There are A LOT of questions President Trump has to answer.
Thus far, the 45th president has had a tough time in office, with allegations of ties to Russia constantly dogging him. His recent health care bill, to put it mildly, was a “disaster”, and his executive travel ban appears to be indefinitely suspended.
While the American people have certainly had a glimpse of how Trump will run the country for the next few years in some areas, there are still other areas that are still murky.
One of these areas is foreign policy, specifically, U.S. policy in the Middle East.
While the travel ban gave the American people an idea on how Trump might try to keep them safe, there are still many questions on how Trump will deal with issues in the Middle Eastern region.
Trump has revealed very little about how he will deal with ISIS, the continually escalating Palestine-Israeli conflict, and Syria.
Trump’s predecessor, Barak Obama, was extremely reticent when it came to real, physical American intervention in the Middle East.
Obama chose to keep American troops in Afghanistan, but in other areas of the Middle East, he decided to use drones and bombing airstrikes to eliminate terrorist threats. While Obama did decide to send troops to Libya and Syria, they were very small in number and were mainly used to gather intelligence.
During the Obama years, the United States seemed passive concerning issues in the Middle East, and it hurt America’s position in the Middle East greatly. Obama’s lack of strategy in the Middle East and his reluctance to use military power allowed Russia to gain considerable influence in Syria, saw the rise of the Islamic State, opened up a divide between Israel and the United States, and destabilized the Middle East, as the Middle East went through arguably its most violent period since the years following the end of World War II.
It seemed that on the front lines, the United States was missing when its allies were trying to combat the problems of the Middle East. Not only did this hurt the United States’ reputation with its allies, it damaged its reputation globally, as America failed to be the “world deterrent” that it had once established itself to be in the years since the Cold War.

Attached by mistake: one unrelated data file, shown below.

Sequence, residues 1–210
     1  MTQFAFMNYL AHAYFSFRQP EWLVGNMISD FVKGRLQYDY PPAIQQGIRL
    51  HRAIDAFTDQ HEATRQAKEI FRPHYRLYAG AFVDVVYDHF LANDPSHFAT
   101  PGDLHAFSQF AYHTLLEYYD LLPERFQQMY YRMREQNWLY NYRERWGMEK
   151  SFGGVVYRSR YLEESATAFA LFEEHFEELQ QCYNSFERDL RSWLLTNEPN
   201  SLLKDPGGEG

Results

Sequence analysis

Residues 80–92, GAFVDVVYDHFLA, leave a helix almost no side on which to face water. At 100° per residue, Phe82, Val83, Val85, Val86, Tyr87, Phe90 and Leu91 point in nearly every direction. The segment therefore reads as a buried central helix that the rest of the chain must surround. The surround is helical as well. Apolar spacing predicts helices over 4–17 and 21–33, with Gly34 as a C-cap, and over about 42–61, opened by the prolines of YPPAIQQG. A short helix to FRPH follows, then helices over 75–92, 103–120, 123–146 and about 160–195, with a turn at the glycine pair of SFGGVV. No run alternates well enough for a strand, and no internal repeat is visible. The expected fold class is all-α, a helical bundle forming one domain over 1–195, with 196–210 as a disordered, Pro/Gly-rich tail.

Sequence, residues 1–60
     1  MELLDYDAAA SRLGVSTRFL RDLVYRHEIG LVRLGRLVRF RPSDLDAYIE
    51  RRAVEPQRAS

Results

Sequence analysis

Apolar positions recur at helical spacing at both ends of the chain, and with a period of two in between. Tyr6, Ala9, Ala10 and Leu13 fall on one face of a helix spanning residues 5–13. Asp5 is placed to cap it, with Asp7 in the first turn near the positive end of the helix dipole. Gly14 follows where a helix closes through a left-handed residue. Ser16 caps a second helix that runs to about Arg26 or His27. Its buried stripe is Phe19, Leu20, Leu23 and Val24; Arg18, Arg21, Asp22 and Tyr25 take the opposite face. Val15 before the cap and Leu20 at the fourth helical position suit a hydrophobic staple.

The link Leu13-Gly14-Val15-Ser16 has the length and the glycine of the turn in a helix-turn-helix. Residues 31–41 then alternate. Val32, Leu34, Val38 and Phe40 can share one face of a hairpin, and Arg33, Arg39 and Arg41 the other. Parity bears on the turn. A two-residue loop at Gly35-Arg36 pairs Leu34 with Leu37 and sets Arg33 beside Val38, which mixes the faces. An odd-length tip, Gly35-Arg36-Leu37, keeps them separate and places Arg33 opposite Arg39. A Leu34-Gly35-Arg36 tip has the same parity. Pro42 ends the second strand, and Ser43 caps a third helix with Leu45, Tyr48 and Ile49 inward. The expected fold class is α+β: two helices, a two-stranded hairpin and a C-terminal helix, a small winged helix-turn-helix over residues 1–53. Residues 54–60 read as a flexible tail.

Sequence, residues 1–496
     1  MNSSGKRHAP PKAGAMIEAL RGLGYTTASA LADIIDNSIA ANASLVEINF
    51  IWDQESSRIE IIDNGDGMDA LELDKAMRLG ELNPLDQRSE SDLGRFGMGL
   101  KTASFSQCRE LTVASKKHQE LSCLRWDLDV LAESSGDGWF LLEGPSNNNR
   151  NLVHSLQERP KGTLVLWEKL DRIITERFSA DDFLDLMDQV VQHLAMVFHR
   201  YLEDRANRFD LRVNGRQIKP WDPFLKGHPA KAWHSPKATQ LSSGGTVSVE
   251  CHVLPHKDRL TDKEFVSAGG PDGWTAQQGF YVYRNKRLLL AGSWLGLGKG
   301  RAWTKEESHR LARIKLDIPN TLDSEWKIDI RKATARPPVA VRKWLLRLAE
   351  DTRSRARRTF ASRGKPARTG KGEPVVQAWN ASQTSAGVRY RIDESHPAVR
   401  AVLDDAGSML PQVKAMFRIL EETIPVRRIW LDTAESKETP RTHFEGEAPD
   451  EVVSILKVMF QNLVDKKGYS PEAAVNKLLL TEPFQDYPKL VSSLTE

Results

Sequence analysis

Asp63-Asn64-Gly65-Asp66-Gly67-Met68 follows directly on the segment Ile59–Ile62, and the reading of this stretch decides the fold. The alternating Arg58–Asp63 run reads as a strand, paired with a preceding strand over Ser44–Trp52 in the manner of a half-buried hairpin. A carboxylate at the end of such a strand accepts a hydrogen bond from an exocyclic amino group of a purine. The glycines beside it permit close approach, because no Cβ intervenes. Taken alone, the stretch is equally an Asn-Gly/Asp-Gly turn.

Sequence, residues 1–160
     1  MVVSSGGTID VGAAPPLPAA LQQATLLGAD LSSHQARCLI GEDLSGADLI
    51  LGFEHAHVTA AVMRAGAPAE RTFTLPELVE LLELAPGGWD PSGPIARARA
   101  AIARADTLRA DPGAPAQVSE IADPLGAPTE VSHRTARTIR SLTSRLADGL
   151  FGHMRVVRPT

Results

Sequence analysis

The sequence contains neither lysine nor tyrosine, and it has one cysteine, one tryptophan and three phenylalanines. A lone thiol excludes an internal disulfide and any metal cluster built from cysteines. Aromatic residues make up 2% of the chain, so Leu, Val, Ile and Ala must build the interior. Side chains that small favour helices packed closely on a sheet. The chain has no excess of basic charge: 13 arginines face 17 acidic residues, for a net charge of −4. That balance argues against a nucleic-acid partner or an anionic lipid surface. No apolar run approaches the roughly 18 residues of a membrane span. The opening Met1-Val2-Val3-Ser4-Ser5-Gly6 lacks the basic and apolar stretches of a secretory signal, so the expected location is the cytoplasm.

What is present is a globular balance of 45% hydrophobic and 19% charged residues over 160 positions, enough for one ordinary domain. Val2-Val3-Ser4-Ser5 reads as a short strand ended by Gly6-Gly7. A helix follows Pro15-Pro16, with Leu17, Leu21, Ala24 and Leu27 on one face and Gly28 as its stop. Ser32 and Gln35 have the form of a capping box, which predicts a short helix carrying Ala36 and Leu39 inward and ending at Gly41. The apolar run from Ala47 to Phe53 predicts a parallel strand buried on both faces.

It wasn’t Obama’s intentions in the Middle East that were entirely wrong, but rather his attitude toward the region that was the problem.
During his presidency, Obama was bogged down with many domestic issues and he attempted to address them. This focus on domestic issues gave the impression that Obama wasn’t concerned with the Middle East and didn’t care about its issues.
Most notably, Obama failed to help the Green Movement in Iran, which dealt with the issues in Iran’s presidential election. He failed to follow through with his “red-line” threat in Syria, after chemical weapons were used.
Under Obama, the United States failed to be the stabilizing presence that it had been in the Middle East for years. Now that we have a new President, what role will the United States play in the Middle East?
Trump’s goals in the Middle East are unclear. During his election campaign, he bombastically promised to “bomb the hell out of ISIS” and to “kill terrorists and their families”. He also promised a complete and total “Muslim ban.” Further, he appeared to be cozying up to Israel and Netanyahu. His campaign rhetoric gave small glimpses into his future strategy in the Middle East. With Trump as President, it is unclear what his strategy in the Middle East is. He appears to have backtracked from some of his campaign rhetoric and does not seem to be in lockstep with Netanyahu.
The most important thing for Trump is his attitude towards the Middle East. He needs to let the Middle Eastern countries know that the U.S. is very concerned with their interests and concerns and that America is devoted to addressing the region’s issues. Trump also needs to rebuild the trust between the U.S. and some of its Middle Eastern allies- mainly Egypt and Saudi Arabia.
It is vital that Trump establishes the U.S. as the strong stabilizing presence it once was in the Middle East and reassure its allies of its commitment to fighting terrorism and its cooperation to ensure peace in the region.